The divestment, which was worth a combined €68 million, saw the fund selling off its shares in companies involved in oil, gas and other fossil fuels.
ISIF, which published a list of 148 fossil fuel companies in which it said it will not invest, is expected to continue to divest in such companies while also increasing investment in clean energy projects. Its portfolio already includes a range of wind farms, solar power and other renewable energy projects.
The €7.9 billion fund, which was designed to support economic activity and employment in Ireland, replaced the National Pensions Reserve Fund in 2010.
“The passing of this legislation marks Ireland out as one of the first countries in the world to withdraw public money from investment in fossil fuels,” said the Minister for Finance Paschal Donohoe. “It positions the ISIF as one of a handful of sovereign wealth funds globally to implement a fossil fuel divestment strategy’.
The world has until 2030 to drastically cut our emissions. Where do we begin?
Last year’s report from the Intergovernmental Panel on Climate Change sounded the alarm: The world has until 2030 to implement “rapid and far-reaching” changes to our energy, infrastructure and industrial systems to avoid 2 degrees Celsius of warming, which could be catastrophic. But the scale of the challenge can appear so overwhelming that it’s hard to know where to start. The Post asked activists, politicians and researchers for climate policy ideas that offer hope. Radical change from one state, or even the whole United States, won’t address climate change on its own, but taking these actions could help start the planet down a path toward a better future.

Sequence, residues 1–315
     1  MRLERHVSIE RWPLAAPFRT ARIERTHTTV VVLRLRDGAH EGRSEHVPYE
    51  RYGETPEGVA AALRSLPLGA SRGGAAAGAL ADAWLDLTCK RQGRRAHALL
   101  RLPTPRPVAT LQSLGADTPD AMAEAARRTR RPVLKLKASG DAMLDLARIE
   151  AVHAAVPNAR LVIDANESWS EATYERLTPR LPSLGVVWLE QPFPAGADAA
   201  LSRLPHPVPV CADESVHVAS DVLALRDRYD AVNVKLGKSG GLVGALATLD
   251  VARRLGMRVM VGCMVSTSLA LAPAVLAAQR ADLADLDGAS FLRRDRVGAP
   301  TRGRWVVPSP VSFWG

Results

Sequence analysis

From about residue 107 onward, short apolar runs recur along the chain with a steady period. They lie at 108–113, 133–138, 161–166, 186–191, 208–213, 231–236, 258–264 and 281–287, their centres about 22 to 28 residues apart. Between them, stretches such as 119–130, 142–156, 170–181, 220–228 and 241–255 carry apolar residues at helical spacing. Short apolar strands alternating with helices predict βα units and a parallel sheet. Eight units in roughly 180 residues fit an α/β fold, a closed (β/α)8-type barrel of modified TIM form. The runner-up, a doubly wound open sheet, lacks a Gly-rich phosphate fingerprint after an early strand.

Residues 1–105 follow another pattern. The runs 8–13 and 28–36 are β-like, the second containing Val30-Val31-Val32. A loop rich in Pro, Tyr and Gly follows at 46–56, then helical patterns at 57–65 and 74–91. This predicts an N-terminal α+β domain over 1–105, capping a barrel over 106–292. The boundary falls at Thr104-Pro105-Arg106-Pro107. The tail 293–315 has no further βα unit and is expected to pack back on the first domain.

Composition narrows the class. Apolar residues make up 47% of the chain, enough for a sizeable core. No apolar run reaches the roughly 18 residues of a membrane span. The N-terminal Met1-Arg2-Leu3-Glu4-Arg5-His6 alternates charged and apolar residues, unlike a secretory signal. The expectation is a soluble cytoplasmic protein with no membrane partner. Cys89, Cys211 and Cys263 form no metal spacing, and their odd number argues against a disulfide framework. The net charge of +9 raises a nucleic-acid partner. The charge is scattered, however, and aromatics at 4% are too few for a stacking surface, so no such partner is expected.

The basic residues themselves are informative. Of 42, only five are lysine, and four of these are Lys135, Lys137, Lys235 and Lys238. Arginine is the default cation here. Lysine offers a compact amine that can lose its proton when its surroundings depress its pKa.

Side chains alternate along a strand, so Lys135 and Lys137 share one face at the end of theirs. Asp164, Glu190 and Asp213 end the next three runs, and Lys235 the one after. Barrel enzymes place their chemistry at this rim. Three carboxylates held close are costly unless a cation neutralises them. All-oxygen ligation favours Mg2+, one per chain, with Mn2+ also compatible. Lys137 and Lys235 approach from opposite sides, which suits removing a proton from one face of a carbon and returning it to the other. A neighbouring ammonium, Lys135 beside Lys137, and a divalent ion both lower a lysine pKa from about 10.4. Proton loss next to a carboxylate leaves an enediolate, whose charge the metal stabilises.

By the time I got out of my car at the Petaluma headquarters of Point Blue Conservation Science on the morning of November 8, the sky had already turned a sickly yellowish tan. On the drive up from Berkeley, I had started noticing what first appeared to be yellow fog to the northeast, while the sky remained clear and blue to the west. Strange, I thought; fog usually comes in from the west. By the time I reached Petaluma, the whole sky was blanketed by the sickly yellow haze; the acrid smell when I got out of the car told me immediately this was not fog. Inside the office, Ellie Cohen, CEO of Point Blue, was already communicating with Point Blue field staff about the fast-moving wildfire that had ignited just a few hours earlier near the town of Paradise in Butte County. “Get inside and be safe,” she pleaded. What we couldn’t have known at that point was that this was the start of the deadliest wildfire in California history, leaving 86 people dead and thousands displaced.
This was an all-too-appropriate segue to my interview with Ellie Cohen, on the occasion of her impending departure from Point Blue Conservation Science (founded in 1965 as Point Reyes Bird Observatory/PRBO). Because if the world at large had been heeding Ellie for the past 12 years, we might already be on track to make the choices and changes necessary to avoid this apocalyptic, smoke-filled vision of the future of California … and the planet….